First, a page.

Positive impact tourism

Positive Impact Tourism (or P.I.T) is an underlying philosophy in all tours operated by our company.


Chapi Travel believes that the trips that we operate should adhere to some basic social and environmental principles. We aim to minimize our impact on the environment and maximize respectful interaction with the local people and culture.


For travelers it's about being culturally and environmentally sensitive in a way that gives you a deeper understanding of a place and its people - and guarantees you'll have a wonderful trip.


What Can You Do?


By following these guidelines you will not only have a richer cultural experience but minimize the impact on the communities and environment we visit.


Before you go.


The more you understand Vietnam, the more you will appreciate it while you are there.


· Read up on the country you are going to visit and read up on the history, etiquette and culture of the place. The internet is a great place to start.

· Take a short language course. The locals will really appreciate the effort you have made and your experience will be much richer for it.


When packing you bags, consider:


· Vietnam has a waste management problem and as such, leave excess packaging at homes, use rechargeable batteries and biodegradable toiletries whenever possible.

· Vietnam is also conservative country and dresses as such. High shorts or skirts, low cut tops and figure revealing clothing is notconsidered respectful (especially in rural areas or places of worship). Bring along plenty of light loose clothing that covers your limbs will not only protect you from the sun and insects, but also means you will be more readily accepted by the locals.

· Leave expensive jewelry at home. Not only does this attract thieves, but it is a reminder of the wealth gap between rich and poor countries.


While in the country:


Local Culture and Customs:


Meeting and interacting with the locals will probably be a highlight of your trip and Chapi Travel aims to give you many opportunities for positive cultural exchange. However, just like in your own country respect, open mindedness and consideration are required. In rural areas don’t be surprised if you are also treated as an object of curiosity.


Put yourselves in the shoes of the local people and remember that at times it is easy to judge based on your own culture and expectations please bear in mind:


You are guests in a country and try to behave with a certain amount of respect for the host country as you would expect from others if they came to your community. Do as the locals do. - Vietnam often seems to run on a different concept to time than you are familiar. Patience, good humour and a ‘go with the flow’ attitude is required’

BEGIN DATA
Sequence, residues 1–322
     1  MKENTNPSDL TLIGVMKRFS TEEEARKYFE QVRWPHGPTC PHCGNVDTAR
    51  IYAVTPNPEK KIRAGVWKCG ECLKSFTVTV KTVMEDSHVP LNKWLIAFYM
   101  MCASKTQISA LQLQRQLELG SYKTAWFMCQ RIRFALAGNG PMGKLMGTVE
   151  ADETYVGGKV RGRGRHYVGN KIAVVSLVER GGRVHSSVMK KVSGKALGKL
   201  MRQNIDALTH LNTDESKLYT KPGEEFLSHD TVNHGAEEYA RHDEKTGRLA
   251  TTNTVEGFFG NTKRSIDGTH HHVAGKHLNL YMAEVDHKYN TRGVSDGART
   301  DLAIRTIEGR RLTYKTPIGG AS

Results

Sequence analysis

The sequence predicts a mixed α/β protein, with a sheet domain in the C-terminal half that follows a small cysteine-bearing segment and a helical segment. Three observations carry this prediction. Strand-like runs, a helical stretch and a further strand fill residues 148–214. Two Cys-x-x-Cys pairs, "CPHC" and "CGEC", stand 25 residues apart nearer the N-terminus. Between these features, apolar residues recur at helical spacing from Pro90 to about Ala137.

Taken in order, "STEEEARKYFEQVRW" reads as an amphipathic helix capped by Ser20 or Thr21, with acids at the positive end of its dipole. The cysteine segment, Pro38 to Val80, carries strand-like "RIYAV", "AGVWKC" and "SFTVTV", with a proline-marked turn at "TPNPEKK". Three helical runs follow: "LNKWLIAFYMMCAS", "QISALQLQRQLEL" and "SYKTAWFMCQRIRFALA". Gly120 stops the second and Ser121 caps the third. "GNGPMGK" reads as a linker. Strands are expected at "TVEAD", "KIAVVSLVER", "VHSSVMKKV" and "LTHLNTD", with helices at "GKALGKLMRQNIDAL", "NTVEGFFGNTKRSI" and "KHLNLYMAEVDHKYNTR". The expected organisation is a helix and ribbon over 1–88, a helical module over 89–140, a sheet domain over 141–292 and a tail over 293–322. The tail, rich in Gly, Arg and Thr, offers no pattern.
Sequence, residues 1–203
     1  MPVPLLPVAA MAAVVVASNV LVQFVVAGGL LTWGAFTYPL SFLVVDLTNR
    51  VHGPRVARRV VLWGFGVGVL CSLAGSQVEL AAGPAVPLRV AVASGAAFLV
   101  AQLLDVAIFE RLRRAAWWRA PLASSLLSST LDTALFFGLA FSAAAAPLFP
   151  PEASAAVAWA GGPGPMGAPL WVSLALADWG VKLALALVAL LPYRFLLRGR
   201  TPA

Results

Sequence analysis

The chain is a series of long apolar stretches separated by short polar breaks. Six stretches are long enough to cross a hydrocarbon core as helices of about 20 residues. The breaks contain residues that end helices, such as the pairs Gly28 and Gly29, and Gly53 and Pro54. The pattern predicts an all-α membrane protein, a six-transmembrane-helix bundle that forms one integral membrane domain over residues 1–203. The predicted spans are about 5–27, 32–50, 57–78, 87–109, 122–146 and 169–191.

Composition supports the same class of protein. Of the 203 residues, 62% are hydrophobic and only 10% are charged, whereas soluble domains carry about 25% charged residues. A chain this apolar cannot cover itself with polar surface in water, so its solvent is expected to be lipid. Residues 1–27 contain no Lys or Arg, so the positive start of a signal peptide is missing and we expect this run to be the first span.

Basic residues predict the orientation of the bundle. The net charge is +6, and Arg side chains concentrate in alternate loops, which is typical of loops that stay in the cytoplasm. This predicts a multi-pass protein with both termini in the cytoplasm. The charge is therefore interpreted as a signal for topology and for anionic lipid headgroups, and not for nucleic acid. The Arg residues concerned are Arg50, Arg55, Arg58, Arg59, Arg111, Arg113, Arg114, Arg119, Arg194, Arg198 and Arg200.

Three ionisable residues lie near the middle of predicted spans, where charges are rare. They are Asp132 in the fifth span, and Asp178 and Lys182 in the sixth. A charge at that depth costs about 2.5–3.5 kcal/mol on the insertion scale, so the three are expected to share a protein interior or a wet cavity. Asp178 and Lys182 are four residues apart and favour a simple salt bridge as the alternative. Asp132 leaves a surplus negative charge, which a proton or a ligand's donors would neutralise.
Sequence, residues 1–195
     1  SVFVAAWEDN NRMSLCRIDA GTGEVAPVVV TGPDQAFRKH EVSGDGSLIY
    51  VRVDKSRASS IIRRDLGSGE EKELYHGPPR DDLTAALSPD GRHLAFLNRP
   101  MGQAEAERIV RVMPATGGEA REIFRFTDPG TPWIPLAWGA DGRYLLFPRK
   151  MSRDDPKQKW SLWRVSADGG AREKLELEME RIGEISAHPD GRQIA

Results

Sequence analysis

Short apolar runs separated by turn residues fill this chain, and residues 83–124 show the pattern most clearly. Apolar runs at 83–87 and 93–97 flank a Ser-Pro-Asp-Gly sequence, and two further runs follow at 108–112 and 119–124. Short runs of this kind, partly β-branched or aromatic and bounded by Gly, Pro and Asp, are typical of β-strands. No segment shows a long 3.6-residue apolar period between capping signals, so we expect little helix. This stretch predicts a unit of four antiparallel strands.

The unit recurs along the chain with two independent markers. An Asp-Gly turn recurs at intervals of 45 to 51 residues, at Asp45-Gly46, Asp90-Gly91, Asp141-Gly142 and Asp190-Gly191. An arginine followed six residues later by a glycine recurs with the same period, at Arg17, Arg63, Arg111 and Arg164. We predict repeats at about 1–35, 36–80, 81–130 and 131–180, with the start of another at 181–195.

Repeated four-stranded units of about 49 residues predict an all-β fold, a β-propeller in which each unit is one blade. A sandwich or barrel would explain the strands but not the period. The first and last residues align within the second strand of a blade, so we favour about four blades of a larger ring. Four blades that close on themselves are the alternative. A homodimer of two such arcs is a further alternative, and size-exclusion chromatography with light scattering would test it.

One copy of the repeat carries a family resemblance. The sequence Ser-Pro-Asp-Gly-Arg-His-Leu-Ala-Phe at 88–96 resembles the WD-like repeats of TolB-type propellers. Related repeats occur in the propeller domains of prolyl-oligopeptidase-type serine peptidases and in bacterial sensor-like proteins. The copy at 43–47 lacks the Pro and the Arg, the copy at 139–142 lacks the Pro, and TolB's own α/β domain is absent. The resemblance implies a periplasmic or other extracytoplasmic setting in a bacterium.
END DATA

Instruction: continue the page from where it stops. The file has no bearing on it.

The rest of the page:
Keep an open mind. You do things differently at home…


Don’t be too quick to generalize. One experience of being overcharged for a souvenir does not mean all vendors are scam artists.


Be ready for lots of personal questions! Questions about marital status, age and job are not considered ‘out of bounds topics’ and are the normal way in which a conversation is started by thelocals. We suggest you use this to your benefit to start your own conversation with a local person.


Showing affection in public is also considered frowned upon. Hugging, kissing and even holding hands between members of the opposite sex is frowned upon and causes embarrassment to much of society.


Showing anger and frustration is considered a big faux-pas in most Asian countries. It does not work and only makes the situation worse. Try to remain calm ‘on the outside’ at all times.


Please be considerate of the local customs.


Being dressed inappropriately can often cause offense. Wearing low cut tops, short shirts and deliberately figure-hugging clothes especially in rural areas or places of worship is considered offensive. Men should always wear a shirt in public. Swimwear for local bathing places will often needs to be in the form of shorts and a T-shirt rather than a bikini. Take your cue from the local people.


Please respect private property (including land) and be prepared to pay for any damage that you may cause. This is particularly the case while trekking where weather conditions may lead to damage of crops (while trekking through rice terraces for example) and be aware that your guide may deliberately keep you away from a particular place do limit potential damage (for example rice terraces in wet weather)




All forms of motorized transport produce CO2 and therefore contribute to global warming. Consider walking or use cyclos, bicycles and public buses rather than taking a taxi. Taxis cause a great deal of congestion and you see much more on a bike or a cyclo than you do in a taxi! Public buses are also a great opportunity for local interaction


Begging and Gifts:


Begging is a very complex issue and travelers often do not understand the problems involved. During your travels you will often be confronted by children or adults asking for pens, sweets or money. We strongly suggest you refrain from giving gifts and money to these people. Parents may encourage children to skip school if they can make an income from begging and dental care in some areas is unavailable or not affordable.